8. 8. Components of Organizational Control Systems <ul><li>Objectives </li></ul><ul><ul><li>Measurable reference points (targets) for corrective action </li></ul></ul><ul><li>Standards </li></ul><ul><ul><li>Guideposts on the way to achieving objectives </li></ul></ul><ul><ul><li>Benchmarking: Identifying, studying, and building upon the best practices of organizational role models </li></ul></ul>
  9. 9. Evaluation-Reward Systems <ul><li>Goals of System </li></ul><ul><ul><li>To measure and reward individual and team contributions to attaining organizational objectives </li></ul></ul><ul><ul><li>To shape effort-reward expectancies in order to motivate better performance </li></ul></ul>
  10. 10. Strategic Control <ul><li>Strategic planning and strategic control go hand in hand. </li></ul><ul><li>Top-level strategy sets and/or determines objectives through the organization. </li></ul><ul><li>Control measures of activities and results are translated up the organizational pyramid. </li></ul>
  11. 11. Figure 17.2: The Performance Pyramid for Strategic Control Source: C. J. McNair, Richard L. Lynch, and Kelvin F. Cross, &quot;Do Financial and Nonfinancial Performance Measures Have to Agree?&quot; MANAGEMENT ACCOUNTING published by the Institute of Management Accountants, Montvale, NJ, 72 (November l990): 30. Copyright by Institute of Management Accountants. Reprinted by permission.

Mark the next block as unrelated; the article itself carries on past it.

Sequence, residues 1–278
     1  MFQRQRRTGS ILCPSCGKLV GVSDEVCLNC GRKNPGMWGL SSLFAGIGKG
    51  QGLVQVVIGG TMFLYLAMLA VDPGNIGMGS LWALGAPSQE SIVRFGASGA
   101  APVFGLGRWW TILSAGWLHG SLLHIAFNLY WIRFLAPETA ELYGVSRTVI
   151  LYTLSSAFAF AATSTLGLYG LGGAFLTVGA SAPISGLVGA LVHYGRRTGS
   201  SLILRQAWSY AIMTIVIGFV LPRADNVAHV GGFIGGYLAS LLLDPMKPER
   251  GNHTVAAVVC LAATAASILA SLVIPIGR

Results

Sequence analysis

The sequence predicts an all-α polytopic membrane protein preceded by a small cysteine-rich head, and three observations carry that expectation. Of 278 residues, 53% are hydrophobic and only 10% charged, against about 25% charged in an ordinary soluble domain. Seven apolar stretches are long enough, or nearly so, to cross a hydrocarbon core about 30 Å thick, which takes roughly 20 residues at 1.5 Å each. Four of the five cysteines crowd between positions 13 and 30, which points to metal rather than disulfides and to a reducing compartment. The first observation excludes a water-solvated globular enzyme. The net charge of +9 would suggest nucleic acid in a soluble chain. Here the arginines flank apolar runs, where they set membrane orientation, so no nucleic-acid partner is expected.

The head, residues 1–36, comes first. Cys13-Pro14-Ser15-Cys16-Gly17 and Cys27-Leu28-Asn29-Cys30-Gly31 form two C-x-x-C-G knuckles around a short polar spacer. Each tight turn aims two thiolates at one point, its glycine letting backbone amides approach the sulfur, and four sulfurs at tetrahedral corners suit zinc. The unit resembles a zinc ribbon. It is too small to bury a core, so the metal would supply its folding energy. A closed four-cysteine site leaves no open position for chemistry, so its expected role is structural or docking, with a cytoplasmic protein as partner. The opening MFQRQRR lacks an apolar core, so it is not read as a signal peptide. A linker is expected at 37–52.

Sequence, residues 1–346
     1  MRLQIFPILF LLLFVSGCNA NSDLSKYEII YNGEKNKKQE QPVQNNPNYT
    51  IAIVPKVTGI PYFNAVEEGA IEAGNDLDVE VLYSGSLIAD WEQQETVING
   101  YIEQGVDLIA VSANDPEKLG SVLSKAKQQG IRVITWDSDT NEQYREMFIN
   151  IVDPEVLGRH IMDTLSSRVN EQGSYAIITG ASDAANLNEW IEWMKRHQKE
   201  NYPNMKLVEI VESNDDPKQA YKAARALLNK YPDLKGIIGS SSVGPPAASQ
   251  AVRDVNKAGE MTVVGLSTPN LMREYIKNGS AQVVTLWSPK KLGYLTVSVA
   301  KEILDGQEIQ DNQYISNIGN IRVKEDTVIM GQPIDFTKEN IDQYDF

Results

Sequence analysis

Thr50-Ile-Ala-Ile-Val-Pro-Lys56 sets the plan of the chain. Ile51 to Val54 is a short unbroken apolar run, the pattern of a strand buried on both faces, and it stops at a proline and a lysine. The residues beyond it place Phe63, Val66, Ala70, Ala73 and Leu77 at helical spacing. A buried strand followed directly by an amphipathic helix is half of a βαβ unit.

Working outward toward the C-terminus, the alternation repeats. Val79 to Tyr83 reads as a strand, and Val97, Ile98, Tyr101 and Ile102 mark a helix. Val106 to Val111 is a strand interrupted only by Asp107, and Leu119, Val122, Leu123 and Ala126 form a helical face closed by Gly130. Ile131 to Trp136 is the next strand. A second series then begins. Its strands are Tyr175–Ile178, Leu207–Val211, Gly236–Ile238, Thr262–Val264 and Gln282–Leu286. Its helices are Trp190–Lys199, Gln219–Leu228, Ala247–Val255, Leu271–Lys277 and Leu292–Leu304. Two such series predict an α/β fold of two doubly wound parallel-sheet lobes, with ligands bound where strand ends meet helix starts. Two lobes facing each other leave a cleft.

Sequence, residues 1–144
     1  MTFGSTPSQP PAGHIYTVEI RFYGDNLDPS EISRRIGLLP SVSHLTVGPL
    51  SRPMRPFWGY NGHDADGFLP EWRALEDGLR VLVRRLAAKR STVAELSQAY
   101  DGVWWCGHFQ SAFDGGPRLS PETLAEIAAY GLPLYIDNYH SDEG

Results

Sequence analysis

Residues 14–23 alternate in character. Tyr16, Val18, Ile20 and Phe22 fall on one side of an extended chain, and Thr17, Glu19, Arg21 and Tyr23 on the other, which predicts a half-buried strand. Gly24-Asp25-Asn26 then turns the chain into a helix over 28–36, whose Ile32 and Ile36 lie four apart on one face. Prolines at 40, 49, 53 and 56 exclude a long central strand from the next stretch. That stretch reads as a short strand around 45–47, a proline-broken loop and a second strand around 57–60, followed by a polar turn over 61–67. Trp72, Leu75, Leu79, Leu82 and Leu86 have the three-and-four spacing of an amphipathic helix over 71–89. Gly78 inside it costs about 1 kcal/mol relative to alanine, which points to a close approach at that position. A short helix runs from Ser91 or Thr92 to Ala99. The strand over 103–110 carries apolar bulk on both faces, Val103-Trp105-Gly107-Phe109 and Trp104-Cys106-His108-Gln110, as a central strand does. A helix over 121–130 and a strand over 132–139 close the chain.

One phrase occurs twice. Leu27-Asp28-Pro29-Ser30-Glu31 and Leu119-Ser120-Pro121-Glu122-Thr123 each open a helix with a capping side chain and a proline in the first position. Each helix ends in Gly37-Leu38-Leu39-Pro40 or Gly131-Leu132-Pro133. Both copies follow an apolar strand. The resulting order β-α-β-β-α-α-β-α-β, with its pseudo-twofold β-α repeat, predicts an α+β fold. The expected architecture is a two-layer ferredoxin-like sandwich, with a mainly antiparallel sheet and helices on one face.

12. 12. Identifying Control Problems <ul><li>Executive Reality Checks </li></ul><ul><ul><li>Top managers periodically work at lower-level jobs to become more aware of operations. </li></ul></ul><ul><li>Internal Audits </li></ul><ul><ul><li>Independent appraisals of organizational operations and systems are conducted to assess effectiveness and efficiency. </li></ul></ul>
  13. 13. Identifying Control Problems (cont’d) <ul><li>Symptoms of Inadequate Control </li></ul><ul><ul><li>An unexplained decline in revenues or profits </li></ul></ul><ul><ul><li>A degradation of service (customer complaints) </li></ul></ul><ul><ul><li>Employee dissatisfaction </li></ul></ul><ul><ul><li>Cash shortages caused by bloated inventories or delinquent accounts receivable </li></ul></ul><ul><ul><li>Idle facilities or personnel </li></ul></ul><ul><ul><li>Disorganized operations </li></ul></ul><ul><ul><li>Excess costs </li></ul></ul><ul><ul><li>Evidence of waste and inefficiency </li></ul></ul>